Mountains Be Shaken and the Hills Removed

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“Though the mountains be shaken and the hills be removed, yet my unfailing love for you will not be shaken nor my covenant of peace be removed, says the Lord, who has compassion on you” (Isaiah 54:10). This whole section of Isaiah attests to the assurances of God’s love for Israel and his protection from the various possible threats against her. It is the summation of all the positive aspects of the Hebrew word, Shalom, implying the fullness of blessing and protection from harm. Verse 10 is, of course, directed to the people of Israel. But it has both an external and and internal meaning for us as well.

With the utter devastation caused by the hurricanes that struck in Texas, Florida, and the Caribbean in the last couple of weeks, the tensions on the world stage created by the North Korea’s missile testing and the ongoing War on Terror, and the latest terrorist bombing on a London subway train, we clearly have a sense of the threats that are all around us in our own time. The Israelites were always under the threat of outside enemies who wanted to destroy them. They knew the angst that comes with those threats on a regular basis. Through the prophets, in this case, Isaiah, God continually gave the people of Israel the assurance of his protective love for them. That love was, and still is, an active, not a passive love. God promises to be with us in the good times and in the bad. He assures us of his love and protection today just as much as he did during the time of Isaiah.

Yes, the consequences of sin abound both in the larger world and within our own lives. But when we recognize this and know that God’s covenant of love is more sure than the greatest of mountains, or all of nature’s blind and powerful forces, we can face these outside threats with faith, hope, and love and not be overwhelmed. Storms may devastate our immediate surroundings with terrible destructive power, but God’s covenant to be with us, to love us, and to protect us cannot be broken, shaken, or destroyed. We can trust his promise to be with us even more closely in the difficult times. How? He shows himself to us in the help of strangers, in the love, care, and commitment of our neighbors and the faith communities that join together to help us do the long, hard work of recovery. He shows himself in the forces that are backed by the nation in the form of aid, infrastructure rebuilding, and the necessary, immediate supplies, as well as the long term economic aide.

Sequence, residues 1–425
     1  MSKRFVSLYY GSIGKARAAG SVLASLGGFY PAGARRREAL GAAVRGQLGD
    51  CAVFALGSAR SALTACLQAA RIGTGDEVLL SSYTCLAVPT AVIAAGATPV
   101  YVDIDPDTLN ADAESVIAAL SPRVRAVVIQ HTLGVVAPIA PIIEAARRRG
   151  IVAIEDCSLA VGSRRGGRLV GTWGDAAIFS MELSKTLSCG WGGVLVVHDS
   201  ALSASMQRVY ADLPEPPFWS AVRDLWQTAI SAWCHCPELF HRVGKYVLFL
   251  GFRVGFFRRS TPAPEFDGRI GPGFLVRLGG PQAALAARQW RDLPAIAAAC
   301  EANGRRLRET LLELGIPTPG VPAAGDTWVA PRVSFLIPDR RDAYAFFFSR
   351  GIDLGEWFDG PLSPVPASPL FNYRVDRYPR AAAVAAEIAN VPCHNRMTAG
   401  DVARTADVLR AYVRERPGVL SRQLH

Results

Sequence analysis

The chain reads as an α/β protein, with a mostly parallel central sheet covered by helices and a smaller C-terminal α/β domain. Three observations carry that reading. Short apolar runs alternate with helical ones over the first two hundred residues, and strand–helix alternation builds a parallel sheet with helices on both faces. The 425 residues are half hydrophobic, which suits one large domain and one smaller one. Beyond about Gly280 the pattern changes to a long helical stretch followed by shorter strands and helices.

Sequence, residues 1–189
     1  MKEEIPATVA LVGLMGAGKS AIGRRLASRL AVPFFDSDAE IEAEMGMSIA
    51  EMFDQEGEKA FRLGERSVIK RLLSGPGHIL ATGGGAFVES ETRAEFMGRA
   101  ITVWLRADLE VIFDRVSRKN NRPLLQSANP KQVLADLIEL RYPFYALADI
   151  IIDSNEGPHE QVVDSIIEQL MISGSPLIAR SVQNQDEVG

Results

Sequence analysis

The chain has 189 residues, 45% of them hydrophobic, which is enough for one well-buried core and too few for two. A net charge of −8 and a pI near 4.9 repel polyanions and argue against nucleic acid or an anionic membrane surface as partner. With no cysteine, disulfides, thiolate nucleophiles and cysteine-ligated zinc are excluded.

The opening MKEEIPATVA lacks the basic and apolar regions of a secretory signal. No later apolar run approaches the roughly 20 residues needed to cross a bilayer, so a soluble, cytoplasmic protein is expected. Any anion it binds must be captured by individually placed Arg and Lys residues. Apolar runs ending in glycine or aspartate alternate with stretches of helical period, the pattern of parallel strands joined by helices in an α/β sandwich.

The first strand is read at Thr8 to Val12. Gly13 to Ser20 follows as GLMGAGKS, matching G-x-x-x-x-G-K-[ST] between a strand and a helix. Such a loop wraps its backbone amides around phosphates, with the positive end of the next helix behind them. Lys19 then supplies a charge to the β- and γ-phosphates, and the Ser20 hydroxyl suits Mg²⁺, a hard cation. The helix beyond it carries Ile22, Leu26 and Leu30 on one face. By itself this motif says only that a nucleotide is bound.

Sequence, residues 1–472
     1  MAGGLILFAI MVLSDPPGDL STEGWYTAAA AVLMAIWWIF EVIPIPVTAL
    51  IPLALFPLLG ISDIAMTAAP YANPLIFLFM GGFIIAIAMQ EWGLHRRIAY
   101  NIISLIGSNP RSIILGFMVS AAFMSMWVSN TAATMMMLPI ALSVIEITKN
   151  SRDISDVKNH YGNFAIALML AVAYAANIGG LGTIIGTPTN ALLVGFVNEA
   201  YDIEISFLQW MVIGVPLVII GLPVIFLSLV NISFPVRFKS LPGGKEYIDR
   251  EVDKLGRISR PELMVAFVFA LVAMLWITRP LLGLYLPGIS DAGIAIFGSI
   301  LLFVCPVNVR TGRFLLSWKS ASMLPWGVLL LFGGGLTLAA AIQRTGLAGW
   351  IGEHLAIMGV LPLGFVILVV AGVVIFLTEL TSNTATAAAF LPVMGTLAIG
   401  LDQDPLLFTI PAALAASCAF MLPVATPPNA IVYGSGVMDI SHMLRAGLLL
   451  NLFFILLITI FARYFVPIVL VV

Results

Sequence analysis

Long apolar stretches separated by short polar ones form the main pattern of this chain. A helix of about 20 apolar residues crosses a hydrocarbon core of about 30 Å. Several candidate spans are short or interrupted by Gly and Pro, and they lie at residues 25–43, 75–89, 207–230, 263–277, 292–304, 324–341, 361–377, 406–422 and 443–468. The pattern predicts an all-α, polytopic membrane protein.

But we must also remember that God’s unshakable covenant of love for “the people” has a more intimate and individual dimension too. When the Israelites heard and read these words of Isaiah, they could take hope in their survival as a nation against all odds. But because of the Incarnation of Jesus Christ, we know that God’s covenant love is also given to each and every one of us individually and personally. Though we often fail to be faithful to him or to his covenant with us, his faithfulness is never shaken. Though we may sin greatly and thereby threaten to destroy the most precious thing in God’s creation, our own eternal souls, which were made in his very image and likeness, he remains always ready and eager to wash us clean and to wipe away our shame with his covenant love and forgiveness. Believing in this covenant love and humbly and willingly submitting our entire selves to it is the source of our peace in the here and now, and the true path to heaven and eternal joy.

Lord, We are nothing without your love and your grace. Help us to know and to respond to your faithful love by learning to love this life, ourselves, and others in the way that you have loved us from the beginning of time. We pray these things in the holy name of Jesus. Amen!

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Dan Doyle is a husband, father, grandfather, Vietnam veteran, and retired professor of Humanities at Seattle University. He taught 13 years at the high school level and 22 years at the university level. He spends his time now babysitting his granddaughter. He is a poet and a blogger as well. Dan holds an AA degree in English Literature, a BA in Comparative Literature, and an MA in Theology, and writes regularly for The Veterans Site Blog.